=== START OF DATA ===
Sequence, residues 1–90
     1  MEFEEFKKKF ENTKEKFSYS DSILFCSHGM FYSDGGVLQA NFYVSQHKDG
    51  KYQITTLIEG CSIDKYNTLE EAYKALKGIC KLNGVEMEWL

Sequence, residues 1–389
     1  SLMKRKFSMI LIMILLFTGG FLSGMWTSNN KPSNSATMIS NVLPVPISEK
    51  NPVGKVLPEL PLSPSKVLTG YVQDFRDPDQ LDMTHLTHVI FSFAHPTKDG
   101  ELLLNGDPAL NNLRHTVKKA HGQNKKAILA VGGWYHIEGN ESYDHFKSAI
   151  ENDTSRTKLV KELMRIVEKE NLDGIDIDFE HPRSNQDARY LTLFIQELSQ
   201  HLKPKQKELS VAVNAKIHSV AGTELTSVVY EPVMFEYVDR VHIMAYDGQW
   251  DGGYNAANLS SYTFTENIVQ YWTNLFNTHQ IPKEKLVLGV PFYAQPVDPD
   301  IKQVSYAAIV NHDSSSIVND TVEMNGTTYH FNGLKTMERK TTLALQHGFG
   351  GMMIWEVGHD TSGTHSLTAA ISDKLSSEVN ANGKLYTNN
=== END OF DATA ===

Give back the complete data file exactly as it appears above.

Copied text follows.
Sequence, residues 1–90
     1  MEFEEFKKKF ENTKEKFSYS DSILFCSHGM FYSDGGVLQA NFYVSQHKDG
    51  KYQITTLIEG CSIDKYNTLE EAYKALKGIC KLNGVEMEWL

Sequence, residues 1–389
     1  SLMKRKFSMI LIMILLFTGG FLSGMWTSNN KPSNSATMIS NVLPVPISEK
    51  NPVGKVLPEL PLSPSKVLTG YVQDFRDPDQ LDMTHLTHVI FSFAHPTKDG
   101  ELLLNGDPAL NNLRHTVKKA HGQNKKAILA VGGWYHIEGN ESYDHFKSAI
   151  ENDTSRTKLV KELMRIVEKE NLDGIDIDFE HPRSNQDARY LTLFIQELSQ
   201  HLKPKQKELS VAVNAKIHSV AGTELTSVVY EPVMFEYVDR VHIMAYDGQW
   251  DGGYNAANLS SYTFTENIVQ YWTNLFNTHQ IPKEKLVLGV PFYAQPVDPD
   301  IKQVSYAAIV NHDSSSIVND TVEMNGTTYH FNGLKTMERK TTLALQHGFG
   351  GMMIWEVGHD TSGTHSLTAA ISDKLSSEVN ANGKLYTNN